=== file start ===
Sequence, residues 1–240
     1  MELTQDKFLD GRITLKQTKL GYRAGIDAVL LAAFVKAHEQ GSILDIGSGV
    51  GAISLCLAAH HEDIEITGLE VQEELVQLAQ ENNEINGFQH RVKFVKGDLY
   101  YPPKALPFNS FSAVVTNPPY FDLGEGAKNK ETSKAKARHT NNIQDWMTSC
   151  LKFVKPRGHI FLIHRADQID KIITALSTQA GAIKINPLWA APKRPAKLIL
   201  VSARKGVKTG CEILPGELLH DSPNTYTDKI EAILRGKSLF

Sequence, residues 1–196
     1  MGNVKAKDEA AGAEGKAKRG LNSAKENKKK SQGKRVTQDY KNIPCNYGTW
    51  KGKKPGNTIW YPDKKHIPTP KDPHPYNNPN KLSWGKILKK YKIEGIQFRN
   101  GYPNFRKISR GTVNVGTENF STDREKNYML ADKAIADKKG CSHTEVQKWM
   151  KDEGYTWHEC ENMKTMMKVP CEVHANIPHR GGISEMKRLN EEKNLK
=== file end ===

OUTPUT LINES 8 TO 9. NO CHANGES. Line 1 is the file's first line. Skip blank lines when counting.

     1  MGNVKAKDEA AGAEGKAKRG LNSAKENKKK SQGKRVTQDY KNIPCNYGTW
    51  KGKKPGNTIW YPDKKHIPTP KDPHPYNNPN KLSWGKILKK YKIEGIQFRN